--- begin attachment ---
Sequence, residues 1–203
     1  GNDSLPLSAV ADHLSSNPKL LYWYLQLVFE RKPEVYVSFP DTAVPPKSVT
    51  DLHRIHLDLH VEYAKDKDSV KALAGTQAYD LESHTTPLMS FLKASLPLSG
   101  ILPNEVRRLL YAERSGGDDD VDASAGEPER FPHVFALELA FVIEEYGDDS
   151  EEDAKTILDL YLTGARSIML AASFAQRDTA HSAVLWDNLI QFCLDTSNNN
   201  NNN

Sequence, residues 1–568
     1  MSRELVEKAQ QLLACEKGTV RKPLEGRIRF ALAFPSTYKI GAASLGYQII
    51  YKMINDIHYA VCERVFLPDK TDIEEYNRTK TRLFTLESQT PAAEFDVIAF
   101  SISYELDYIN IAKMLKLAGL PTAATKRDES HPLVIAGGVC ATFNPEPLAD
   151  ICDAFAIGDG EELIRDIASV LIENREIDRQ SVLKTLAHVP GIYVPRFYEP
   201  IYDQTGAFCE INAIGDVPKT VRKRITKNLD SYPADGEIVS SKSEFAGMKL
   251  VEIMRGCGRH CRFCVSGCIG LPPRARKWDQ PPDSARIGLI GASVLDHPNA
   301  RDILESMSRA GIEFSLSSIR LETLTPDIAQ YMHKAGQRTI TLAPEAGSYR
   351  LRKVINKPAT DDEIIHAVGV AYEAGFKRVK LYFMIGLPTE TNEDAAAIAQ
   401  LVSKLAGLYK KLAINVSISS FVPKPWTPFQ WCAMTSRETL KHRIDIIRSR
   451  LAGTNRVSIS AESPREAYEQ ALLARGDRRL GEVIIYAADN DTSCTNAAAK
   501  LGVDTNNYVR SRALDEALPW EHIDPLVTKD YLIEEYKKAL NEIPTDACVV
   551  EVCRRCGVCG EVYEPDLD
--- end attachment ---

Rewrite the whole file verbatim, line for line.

Sequence, residues 1–203
     1  GNDSLPLSAV ADHLSSNPKL LYWYLQLVFE RKPEVYVSFP DTAVPPKSVT
    51  DLHRIHLDLH VEYAKDKDSV KALAGTQAYD LESHTTPLMS FLKASLPLSG
   101  ILPNEVRRLL YAERSGGDDD VDASAGEPER FPHVFALELA FVIEEYGDDS
   151  EEDAKTILDL YLTGARSIML AASFAQRDTA HSAVLWDNLI QFCLDTSNNN
   201  NNN

Sequence, residues 1–568
     1  MSRELVEKAQ QLLACEKGTV RKPLEGRIRF ALAFPSTYKI GAASLGYQII
    51  YKMINDIHYA VCERVFLPDK TDIEEYNRTK TRLFTLESQT PAAEFDVIAF
   101  SISYELDYIN IAKMLKLAGL PTAATKRDES HPLVIAGGVC ATFNPEPLAD
   151  ICDAFAIGDG EELIRDIASV LIENREIDRQ SVLKTLAHVP GIYVPRFYEP
   201  IYDQTGAFCE INAIGDVPKT VRKRITKNLD SYPADGEIVS SKSEFAGMKL
   251  VEIMRGCGRH CRFCVSGCIG LPPRARKWDQ PPDSARIGLI GASVLDHPNA
   301  RDILESMSRA GIEFSLSSIR LETLTPDIAQ YMHKAGQRTI TLAPEAGSYR
   351  LRKVINKPAT DDEIIHAVGV AYEAGFKRVK LYFMIGLPTE TNEDAAAIAQ
   401  LVSKLAGLYK KLAINVSISS FVPKPWTPFQ WCAMTSRETL KHRIDIIRSR
   451  LAGTNRVSIS AESPREAYEQ ALLARGDRRL GEVIIYAADN DTSCTNAAAK
   501  LGVDTNNYVR SRALDEALPW EHIDPLVTKD YLIEEYKKAL NEIPTDACVV
   551  EVCRRCGVCG EVYEPDLD